AHA Suggests DEA Remove Federal Restrictions on Marijuana in the Name of Science
The American Heart Association (AHA) published a study on Wednesday that examined existing research on the connection between smoking or vaping marijuana and its impact on the heart. Robert Page II, a clinical pharmacologist who chaired the medical writing group, explained that the study found that the use of cannabis has the potential to interfere with currently prescribed prescriptions and can also trigger conditions such as strokes and heart attacks.
Some of the existing studies that they analyzed found that exposure to THC caused heart rhythm abnormalities within an hour after being smoked. THC is also connected to faster heart rates and increases in the heart’s need for oxygen. Page explained that smoking marijuana has similar components to tobacco smoke, in that smoking marijuana increases carbon monoxide and tar in the blood at similar rates as does smoking tobacco. Both recreational uses are attributed to causing chest pains, disturbances in heart rhythms, and other serious heart conditions.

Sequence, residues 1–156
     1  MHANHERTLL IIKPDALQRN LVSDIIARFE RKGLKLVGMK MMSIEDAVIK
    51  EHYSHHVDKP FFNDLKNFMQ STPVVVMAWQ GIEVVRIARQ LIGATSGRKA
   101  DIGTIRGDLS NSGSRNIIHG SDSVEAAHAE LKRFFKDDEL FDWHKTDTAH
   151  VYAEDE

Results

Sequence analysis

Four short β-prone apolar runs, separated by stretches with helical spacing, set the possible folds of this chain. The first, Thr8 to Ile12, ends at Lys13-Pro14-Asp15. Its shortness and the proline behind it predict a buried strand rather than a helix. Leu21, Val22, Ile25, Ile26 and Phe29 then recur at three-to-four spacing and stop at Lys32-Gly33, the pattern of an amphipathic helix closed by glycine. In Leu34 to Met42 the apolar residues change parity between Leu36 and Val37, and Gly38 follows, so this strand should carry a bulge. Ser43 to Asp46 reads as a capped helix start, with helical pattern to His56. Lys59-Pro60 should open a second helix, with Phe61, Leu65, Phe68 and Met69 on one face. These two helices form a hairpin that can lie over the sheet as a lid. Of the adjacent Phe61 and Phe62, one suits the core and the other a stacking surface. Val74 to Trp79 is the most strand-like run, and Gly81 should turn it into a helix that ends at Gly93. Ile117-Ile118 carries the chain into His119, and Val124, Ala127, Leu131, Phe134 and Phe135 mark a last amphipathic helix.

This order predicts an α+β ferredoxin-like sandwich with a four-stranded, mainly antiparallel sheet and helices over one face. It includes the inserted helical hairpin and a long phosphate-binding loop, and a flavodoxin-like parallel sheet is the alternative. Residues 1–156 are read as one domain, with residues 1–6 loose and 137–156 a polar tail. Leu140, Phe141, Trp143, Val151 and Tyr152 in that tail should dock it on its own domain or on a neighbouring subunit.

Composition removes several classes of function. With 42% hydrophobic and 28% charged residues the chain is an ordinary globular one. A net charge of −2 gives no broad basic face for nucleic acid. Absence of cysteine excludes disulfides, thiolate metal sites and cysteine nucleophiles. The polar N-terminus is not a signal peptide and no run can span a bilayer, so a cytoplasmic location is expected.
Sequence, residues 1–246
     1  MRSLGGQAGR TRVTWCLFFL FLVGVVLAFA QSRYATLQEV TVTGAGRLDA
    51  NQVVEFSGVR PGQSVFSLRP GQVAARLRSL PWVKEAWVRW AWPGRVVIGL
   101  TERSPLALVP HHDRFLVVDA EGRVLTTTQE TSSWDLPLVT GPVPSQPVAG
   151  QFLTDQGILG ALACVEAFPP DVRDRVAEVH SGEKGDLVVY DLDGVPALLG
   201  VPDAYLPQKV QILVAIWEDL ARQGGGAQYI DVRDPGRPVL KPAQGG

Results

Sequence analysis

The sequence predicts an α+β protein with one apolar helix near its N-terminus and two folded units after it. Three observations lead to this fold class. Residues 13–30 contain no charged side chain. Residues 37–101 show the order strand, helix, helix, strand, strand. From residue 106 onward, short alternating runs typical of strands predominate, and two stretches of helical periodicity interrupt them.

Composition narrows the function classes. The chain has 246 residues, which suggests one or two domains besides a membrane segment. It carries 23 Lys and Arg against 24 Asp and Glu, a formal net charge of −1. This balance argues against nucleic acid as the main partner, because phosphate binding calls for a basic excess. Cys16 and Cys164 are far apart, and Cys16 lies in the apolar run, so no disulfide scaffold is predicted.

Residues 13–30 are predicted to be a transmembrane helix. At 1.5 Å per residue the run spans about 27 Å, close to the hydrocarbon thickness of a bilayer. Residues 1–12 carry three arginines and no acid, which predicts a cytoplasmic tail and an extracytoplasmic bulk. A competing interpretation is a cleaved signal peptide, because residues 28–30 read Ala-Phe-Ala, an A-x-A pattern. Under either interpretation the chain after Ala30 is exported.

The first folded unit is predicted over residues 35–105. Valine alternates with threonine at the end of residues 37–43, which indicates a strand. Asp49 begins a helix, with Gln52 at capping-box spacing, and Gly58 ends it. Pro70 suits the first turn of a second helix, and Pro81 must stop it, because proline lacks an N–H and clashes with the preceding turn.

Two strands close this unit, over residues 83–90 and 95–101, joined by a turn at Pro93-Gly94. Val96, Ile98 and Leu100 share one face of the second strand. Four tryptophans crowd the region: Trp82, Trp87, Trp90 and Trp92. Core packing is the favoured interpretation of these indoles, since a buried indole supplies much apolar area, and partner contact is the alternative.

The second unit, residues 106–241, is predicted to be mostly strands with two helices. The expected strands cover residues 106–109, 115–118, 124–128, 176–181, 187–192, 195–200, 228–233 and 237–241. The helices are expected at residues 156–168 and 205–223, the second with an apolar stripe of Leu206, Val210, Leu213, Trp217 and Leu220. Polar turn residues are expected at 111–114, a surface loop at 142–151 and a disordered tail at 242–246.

Page recognized that the existing research on marijuana’s side effects is limited. Marijuana is currently classified as a Schedule I controlled substance by the United States Drug Enforcement Agency (DEA), which drastically limits scientific research on cannabis.
Past studies have only observed the short-term effects of marijuana. The studies have enabled scientists to identify trends, but, without the ability to study long-term effects, they have been unable to prove cause and effect.
Page strongly suggests that the DEA remove these restrictions in order for scientists to better study the long-term effects of smoking and vaping cannabis. Instead, he recommends that marijuana be placed on the US Food and Drug Administration’s tobacco control and prevention efforts. This could mean retailer regulations, such as marijuana dispensaries, marijjuana delivery and marijuana brands, age restrictions, and taxes on the substance. However, this could legalize marijuana for medical and recreational use at the federal level. The AHA plans on reviewing their scientific statement and releasing new policy updates in the upcoming weeks.